Hello everybody, after thinking about installation, client access and mail routing, we are getting ready to move some mailboxes.

So, we talked about Exchange 2013 CAS being a pretty smart proxy, that’s why we had to append ?ExchClientVer=15 to the ECP URL in order to get to the new Admin Center while the Mailbox was still on Exchange 2010. Obviously, once the mailbox gets moved to Exchange 2013 this is no longer required. Another thing that will change as we move mailboxes from Exchange 2010 to 2013 is the Outlook Profile, it does no longer show the RPCClientAccess endpoint as Server, instead it gets updated to show the <Mailbox GIUD>@<Primary SMTP domain>.

Moving mailboxes

 

There are a couple of things to take into consideration before moving mailboxes to the 2013 server. As we learned in part two of this series, it is essential to move the namespaces used by Exchange to the new CAS prior to moving mailboxes, users would not be able to access mailboxes if the names would still point to an Exchange 2010 CAS. Another important check is whether new mailbox servers have been provisioned with enough disk space to accommodate the moved users, and if the properties of the mailbox database, such as ProhibitSendReceiveQuota and OfflineAddressBook have been set to desired values. Assuming that everything is fine, we go ahead and create some move requests, very much the same way as we did in Exchange 2010.

New-MoveRequest –Identity [email protected] –TargetDatabase mbd01

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This command moves the mailbox of user3 to the target mailbox database mdb01 which is hosted on Exchange 2013. Like in 2010, the move is performed online, so the user is able to work in his mailbox until the move request is finished. Once the move request completes, the user will be prompted to restart Outlook, this is when the Profile gets updated to show the GUID instead of the server name or RPCClientAccessServer property.

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Note that this is the users mailbox GUID, as that is the user’s unique identifier within the Exchange Organization, it will be different for every user. This GUID is used to locate the active mailbox database copy, in Exchange 2013 all protocols are provided to the user by the server that is hosting the active mailbox database copy.

Batch moves

In Exchange 2010 we had the ability to do batch move requests, but it was more like creating many move requests and assigning the same BatchName to them, Get-MoveRequest was used to retrieve information about the move requests. Now Exchange 2013 comes with some new cmdlets that are dealing with batch migrations: *-MigrationBach.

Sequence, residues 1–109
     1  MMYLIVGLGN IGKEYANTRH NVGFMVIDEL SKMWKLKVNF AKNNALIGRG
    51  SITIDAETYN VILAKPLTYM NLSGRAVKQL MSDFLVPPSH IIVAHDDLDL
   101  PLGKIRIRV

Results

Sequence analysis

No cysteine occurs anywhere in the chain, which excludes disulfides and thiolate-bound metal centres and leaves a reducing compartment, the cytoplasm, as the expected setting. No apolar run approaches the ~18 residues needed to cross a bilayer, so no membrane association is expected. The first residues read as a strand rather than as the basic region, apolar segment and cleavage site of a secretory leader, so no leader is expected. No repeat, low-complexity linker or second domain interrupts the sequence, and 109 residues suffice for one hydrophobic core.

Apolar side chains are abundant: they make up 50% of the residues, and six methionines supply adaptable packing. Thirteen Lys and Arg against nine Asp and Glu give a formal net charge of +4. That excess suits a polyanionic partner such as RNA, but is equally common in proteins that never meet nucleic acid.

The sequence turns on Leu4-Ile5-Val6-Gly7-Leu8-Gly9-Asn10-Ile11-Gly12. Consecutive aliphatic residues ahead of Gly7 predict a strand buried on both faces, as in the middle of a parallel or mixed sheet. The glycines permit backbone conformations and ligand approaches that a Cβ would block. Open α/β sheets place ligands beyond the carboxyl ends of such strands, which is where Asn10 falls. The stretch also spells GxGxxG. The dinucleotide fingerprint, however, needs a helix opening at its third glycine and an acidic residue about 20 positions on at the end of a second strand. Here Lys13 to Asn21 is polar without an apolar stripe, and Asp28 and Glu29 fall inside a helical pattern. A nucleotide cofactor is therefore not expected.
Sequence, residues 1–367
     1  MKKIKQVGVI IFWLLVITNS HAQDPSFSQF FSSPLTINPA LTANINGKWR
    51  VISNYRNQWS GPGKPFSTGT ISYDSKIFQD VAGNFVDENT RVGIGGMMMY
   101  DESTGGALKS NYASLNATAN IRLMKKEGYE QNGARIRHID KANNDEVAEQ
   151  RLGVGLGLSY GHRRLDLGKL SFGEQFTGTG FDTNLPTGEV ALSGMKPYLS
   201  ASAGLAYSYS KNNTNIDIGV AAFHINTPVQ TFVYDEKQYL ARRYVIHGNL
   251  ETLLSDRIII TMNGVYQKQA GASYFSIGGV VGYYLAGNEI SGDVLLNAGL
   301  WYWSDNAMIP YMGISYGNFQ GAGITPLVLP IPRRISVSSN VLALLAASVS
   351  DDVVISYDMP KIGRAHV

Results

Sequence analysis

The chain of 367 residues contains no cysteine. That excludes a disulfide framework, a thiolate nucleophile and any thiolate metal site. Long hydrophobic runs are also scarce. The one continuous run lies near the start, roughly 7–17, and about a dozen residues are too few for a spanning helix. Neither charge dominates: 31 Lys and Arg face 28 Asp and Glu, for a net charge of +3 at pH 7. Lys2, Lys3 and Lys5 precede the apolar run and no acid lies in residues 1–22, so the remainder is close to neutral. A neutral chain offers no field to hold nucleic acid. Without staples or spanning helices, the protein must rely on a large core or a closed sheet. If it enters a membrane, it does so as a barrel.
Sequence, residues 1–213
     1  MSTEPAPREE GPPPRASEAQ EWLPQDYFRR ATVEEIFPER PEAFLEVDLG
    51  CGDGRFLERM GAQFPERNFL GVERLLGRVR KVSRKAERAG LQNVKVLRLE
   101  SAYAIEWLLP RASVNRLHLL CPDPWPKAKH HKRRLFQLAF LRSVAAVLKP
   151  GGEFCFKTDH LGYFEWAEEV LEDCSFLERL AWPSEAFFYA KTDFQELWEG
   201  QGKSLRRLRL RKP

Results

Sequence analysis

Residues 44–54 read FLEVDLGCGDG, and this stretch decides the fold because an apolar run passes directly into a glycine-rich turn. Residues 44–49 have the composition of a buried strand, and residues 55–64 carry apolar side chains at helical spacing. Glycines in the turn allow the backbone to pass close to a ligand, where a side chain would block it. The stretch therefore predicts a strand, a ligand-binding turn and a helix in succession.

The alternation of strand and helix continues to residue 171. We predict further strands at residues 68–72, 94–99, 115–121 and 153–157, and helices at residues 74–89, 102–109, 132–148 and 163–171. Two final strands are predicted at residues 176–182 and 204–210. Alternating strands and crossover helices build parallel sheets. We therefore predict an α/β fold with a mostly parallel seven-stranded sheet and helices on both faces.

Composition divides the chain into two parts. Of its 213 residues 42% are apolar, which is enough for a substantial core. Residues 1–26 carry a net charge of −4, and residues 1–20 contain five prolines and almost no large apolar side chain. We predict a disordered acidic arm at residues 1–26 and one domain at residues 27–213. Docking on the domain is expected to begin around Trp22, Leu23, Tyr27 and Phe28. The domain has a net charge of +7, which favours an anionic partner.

Honestly I do think those new cmdlets are a little complicated, I guess they were primarily introduced to make hybrid or cloud move requests easier, in an on-premises world they might not be that useful. I created a New-MigrationBatch and then started the migration. The first thing we need is a CSV file with a column called EmailAddress, so let’s get all users homed on the Exchange 2010 server, and export them to CSV:

Get-Mailbox -Server ex14 | select @{n="EmailAddress";e={$_.PrimarySmtpAddress}} | Export-Csv -NoTypeInformation -Path .\BatchMove.csv

Now we can use this CSV file to create a new MigrationBatch, you see what I mean with a little complicated…

New-MigrationBatch -Local -Name BatchMove -CSVData ([System.IO.File]::ReadAllBytes(".\BatchMove.csv")) -TargetDatabases mdb01

It’s looking like that in PowerShell:

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Ok, once we have created the MigrationBatch, we can go ahead and start the migration to actually move data over to the new Exchange.

Get-MigrationBatch | Start-MigrationBatch

The Get-MigrationStatistics cmdlet can be used to get information about the ongoing migrations, once all mailboxes are moved, TotalCount and SyncedCount should show the same value. Get-MigrationUser can be used to get information about the individual mailboxes being moved. The Get-MigrationBatch cmdlet includes a Report property containing links to CSV reports about the MigrationBatch.

Note that the Start-MigrationBatch does not complete the move requests, use the Get-MoveRequest cmdlet to show the individual move requests and their state, it will be AutoSuspended. The Complete-MigrationBatch cmdlet is used to complete the move requests:

Get-MigrationBatch | Complete-MigrationBatch

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If we run the Get-MoveRequest cmdlet again, we will finally see that mailboxes have been moved to Exchange 2013.

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Since there is not much documentation available, yet, I will stick with the “old” way and just use New-MoveRequest to move mailboxes for now.

 

 

 

Outlook Profile

Ok so now that we have migrated our users over to the new Exchange it’s time to have a look at Outlook, as mentioned above, the profiles will be updated and no longer show a server name, but it will also be using RPC over HTTP on the internal network:

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The proxy settings of the Outlook profile is updated, too, it will now select “On fast networks, connect using HTTP first…” by default.

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The AutoDiscover.xml file now contains more information for clients, while Exchange 2010 had the following three Type nodes <EXCH>,<EXPR> and <WEB> the new AutoDiscover.xml contains two <EXHTTP> nodes for internal and external OutlookAnywhere settings.

It is very important to update Outlook to the minimum required version by Exchange 2013 before moving mailboxes, as older Outlook versions will not be able to interpret the new xml file.

Well, and that’s it for part four. We do have one big thing left for part five, public folders.

 

Stay tuned,

tom

This post has been migrated from our earlier blog based on BlogEngine.NET.